I finally made it to the office at 1022, those last two kilometres having taken me 90 minutes to drive, to find most of my colleagues gathered ashen-faced in the lobby, greeting me tearfully – I was the only person who was unaccounted for, due to my phone being out of order – and giving me the headlines of what had happened. It’s nice to feel appreciated, still more so when I logged on and saw many concerned messages from friends and family, and even more so when people responded to my posts confirming that I was safe. One of the great things about the interconnectedness of today’s world is that we can often catch up with our friends quickly – Facebook’s check-in system in particular is a source of reassurance.
The horror has hit very close to home. I have flown out of Brussels airport in the morning five times this year, and was originally due to do so again on Friday to go to Eastercon in Manchester (in fact my plans have changed and I’ll take the Eurostar to London for work tomorrow and travel on up by train). My wife was flew out on Monday for a funeral in England and was due to fly back last night; her flight was cancelled and she will now return by Eurostar this evening. Maelbeek metro station (the four-pointed star on my map) is in the heart of the EU quarter, and I go past it almost every day and through it several times a month; a former colleague was actually on the train that was bombed, but fortunately escaped without injury; another former staffer (from before my time) was in the departure hall of the airport, and is recovering well from minor injuries.
As with any awful event, there’s a temptation to grasp for easy explanations. I will give in to that temptation. It seems to my jaundiced eye that, dreadful as they were, yesterday’s attacks were botched. Maelbeek is actually the wrong metro station to attack – both Schuman, the stop before, and Arts-Loi, the stop after, would surely be much more attractive targets, being much busier intersections on the network (and also both recently renovated as prestige architectural projects). Only two of three planned explosions in the airport happened, the third attacker apparently losing his nerve and running away. To adopt a Trump-ism, these guys were losers.
This happened because they are losing. Less than a week ago, a major figure in the terror movement was arrested in Brussels; perhaps yesterday was revenge for his arrest, perhaps it was rushed into because they were afraid he would start talking (or knew that he already had). On the ground, their allies and sponsors are losing territory and resources in Syria and Iraq. I wrote a week ago about violence as story-telling, in the Irish context. This is an attempt to write a story about the weakness of our interconnected world, attacking places where people travel and meet, where many nationalities and cultures join together and build together.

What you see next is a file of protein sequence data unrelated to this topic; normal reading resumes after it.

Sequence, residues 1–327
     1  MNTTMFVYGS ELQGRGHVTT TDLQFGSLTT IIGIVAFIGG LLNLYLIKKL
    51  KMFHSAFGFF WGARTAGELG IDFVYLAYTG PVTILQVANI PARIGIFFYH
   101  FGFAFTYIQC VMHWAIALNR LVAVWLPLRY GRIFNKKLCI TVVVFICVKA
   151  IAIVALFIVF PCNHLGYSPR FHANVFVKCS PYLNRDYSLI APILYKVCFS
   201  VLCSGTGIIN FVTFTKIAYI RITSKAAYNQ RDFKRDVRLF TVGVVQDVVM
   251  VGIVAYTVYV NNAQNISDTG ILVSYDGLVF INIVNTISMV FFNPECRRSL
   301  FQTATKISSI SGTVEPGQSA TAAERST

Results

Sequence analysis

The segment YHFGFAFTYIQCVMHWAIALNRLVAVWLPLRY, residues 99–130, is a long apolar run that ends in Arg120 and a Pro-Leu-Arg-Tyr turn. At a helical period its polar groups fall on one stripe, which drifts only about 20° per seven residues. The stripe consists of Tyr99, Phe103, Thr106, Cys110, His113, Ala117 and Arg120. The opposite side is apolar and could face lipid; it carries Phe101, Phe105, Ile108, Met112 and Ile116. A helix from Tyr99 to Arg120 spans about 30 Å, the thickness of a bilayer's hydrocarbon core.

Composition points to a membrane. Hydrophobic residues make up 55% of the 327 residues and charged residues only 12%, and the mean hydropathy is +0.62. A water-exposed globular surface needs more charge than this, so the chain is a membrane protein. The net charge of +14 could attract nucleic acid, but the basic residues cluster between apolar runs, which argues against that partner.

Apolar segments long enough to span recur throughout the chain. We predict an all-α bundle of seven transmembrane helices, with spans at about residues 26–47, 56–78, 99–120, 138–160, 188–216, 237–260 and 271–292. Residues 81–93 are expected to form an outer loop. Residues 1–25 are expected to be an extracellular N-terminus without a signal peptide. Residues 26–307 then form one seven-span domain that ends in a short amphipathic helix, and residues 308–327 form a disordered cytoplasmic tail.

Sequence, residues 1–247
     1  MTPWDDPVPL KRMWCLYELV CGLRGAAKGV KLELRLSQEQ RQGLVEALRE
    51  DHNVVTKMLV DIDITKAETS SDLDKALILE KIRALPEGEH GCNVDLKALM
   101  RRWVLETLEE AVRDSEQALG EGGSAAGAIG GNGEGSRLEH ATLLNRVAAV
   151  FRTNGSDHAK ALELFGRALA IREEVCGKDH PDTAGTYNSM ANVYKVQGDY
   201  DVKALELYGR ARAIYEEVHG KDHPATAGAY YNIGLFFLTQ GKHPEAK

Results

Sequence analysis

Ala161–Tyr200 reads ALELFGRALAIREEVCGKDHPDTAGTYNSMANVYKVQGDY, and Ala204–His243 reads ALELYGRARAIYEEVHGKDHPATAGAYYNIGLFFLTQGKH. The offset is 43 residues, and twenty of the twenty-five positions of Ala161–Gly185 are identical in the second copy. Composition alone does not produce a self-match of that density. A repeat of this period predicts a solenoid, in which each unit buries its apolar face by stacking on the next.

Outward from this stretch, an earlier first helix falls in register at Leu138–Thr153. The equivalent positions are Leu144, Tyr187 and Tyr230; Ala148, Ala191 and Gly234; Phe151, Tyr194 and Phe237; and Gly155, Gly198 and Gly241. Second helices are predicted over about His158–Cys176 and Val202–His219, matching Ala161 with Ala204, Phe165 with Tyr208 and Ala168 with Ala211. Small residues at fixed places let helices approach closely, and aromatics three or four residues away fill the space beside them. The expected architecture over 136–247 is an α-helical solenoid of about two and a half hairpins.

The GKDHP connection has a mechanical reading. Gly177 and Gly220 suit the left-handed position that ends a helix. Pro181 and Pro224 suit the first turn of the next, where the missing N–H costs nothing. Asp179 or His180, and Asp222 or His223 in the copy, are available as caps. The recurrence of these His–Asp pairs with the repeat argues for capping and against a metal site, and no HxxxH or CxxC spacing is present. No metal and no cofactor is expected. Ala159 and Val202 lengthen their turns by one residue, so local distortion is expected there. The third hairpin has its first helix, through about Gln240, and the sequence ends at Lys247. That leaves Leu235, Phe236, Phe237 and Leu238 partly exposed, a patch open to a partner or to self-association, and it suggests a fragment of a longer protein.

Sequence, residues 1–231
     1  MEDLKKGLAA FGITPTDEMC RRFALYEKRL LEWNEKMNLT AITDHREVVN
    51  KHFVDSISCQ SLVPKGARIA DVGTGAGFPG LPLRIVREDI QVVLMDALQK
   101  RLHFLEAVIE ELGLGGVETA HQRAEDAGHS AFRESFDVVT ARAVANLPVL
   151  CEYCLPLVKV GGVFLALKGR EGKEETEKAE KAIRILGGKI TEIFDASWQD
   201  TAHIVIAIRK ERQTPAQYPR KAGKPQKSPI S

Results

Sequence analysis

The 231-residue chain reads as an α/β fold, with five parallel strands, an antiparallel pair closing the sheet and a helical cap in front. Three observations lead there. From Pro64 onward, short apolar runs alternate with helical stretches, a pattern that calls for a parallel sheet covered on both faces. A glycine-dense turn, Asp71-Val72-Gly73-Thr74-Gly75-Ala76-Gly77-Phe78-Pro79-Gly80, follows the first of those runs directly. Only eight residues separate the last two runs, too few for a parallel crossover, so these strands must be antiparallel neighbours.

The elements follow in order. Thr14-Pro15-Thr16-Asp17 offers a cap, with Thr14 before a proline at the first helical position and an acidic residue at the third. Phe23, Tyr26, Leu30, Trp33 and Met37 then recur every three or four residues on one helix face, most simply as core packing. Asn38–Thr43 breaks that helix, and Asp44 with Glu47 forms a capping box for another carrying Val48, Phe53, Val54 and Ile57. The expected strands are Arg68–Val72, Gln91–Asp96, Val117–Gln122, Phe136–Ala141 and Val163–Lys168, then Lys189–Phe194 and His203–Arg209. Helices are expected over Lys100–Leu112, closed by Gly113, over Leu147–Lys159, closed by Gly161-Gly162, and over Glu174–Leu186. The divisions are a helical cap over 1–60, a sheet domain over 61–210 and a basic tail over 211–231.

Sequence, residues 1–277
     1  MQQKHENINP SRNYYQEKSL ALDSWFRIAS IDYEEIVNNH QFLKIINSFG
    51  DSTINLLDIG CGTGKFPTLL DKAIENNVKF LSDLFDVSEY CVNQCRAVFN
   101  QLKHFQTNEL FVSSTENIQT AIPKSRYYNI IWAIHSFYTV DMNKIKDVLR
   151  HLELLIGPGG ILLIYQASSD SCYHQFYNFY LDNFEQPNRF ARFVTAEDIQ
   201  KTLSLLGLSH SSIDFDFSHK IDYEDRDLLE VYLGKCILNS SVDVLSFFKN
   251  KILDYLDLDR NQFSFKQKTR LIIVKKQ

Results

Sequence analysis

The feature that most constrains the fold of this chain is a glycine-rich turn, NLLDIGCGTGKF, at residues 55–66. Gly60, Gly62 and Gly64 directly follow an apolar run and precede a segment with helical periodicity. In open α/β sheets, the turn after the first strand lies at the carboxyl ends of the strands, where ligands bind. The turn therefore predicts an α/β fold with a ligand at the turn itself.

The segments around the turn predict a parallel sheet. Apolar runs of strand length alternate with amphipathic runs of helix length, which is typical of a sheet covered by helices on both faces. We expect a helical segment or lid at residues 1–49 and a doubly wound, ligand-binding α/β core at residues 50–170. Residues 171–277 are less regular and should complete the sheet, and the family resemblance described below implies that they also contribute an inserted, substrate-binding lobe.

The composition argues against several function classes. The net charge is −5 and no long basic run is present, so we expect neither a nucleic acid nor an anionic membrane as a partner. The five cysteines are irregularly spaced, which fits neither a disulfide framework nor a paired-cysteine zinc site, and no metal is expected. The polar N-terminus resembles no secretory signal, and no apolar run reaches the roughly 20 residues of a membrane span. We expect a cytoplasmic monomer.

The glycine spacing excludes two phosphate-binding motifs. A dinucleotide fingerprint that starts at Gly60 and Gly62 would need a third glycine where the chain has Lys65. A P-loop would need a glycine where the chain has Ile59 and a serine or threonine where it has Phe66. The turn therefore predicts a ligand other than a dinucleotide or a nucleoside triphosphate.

It is a narrative that must not and will not win. I am not interested in hearing that this is all because of migration. I am a migrant myself; so are my brother and my sister and my wife. I bet we will find that the perpetrators of yesterday’s attacks were all EU citizens, maybe even all Belgian citizens; their victims will have been from a much broader variety of backgrounds (the first formally identified victim was a Peruvian, resident in Belgium for many years, who was checking their flight in the departure hall at Zaventem while her Belgian husband kept an eye on their little twin girls playing in the corridor; a British man who was probably on the Metro has not been heard from). Travel broadens the mind; clamping down on migration now, when it’s clear that the culprits are already here, is a surrender to violence.
Likewise I am not interested in hearing that this is a fundamental problem with a particular ethnic, religious or cultural group. I admit that I’m personally sensitive about this, having grown up as a Catholic in Belfast during the bad old days, when it was not always easy to be myself in England. I think also of my numerous Muslim relatives and friends, many of whom are deeply politically engaged and who have themselves fought against fundamentalist extremism in their own communities. (You never hear about that, by the way, because it doesn’t suit the media narrative to report on it.) Targeting an entire community in retaliation for the actions of a few is also a surrender to violence.
The solution is both stick and carrot – to increase the penetration of these groups by our own intelligence services (and I know that the Belgian VSSE is increasing its capacity, though clearly they are not where they should be) and to shift the political calculus on the streets, so that supporting the state becomes a more attractive option than helping out your own community’s hotheads (and in fact we are most of the way there already). For the rest of us not involved with security or community development policy-making, we must continue to show solidarity with the victims and with each other.
I changed my Facebook icon to overlay it with the Belgian flag yesterday; I am proud of this country, which I now call my own, which finds its way to solutions through peculiar paths, and sometimes combines superficial surliness with a silent determination to just get on with things. I’m also proud of the European project, which is about building and sustaining a vision based on transcending past conflict. I am not interested in hearing the views of those who want to open new conflicts. They are losing. We must win.
And now I shall go and see if I can get a temporary solution for my phone situation, and tidy the house up before my better half’s belated arrival this evening. If you have someone to hug, hug them, and tell them (if you like) that I said so.
(A final word to my ambasssador friend who admits that he was in Washington on 9/11 and in London on 7/7 - please let us know where your next posting is, so that we can avoid it!)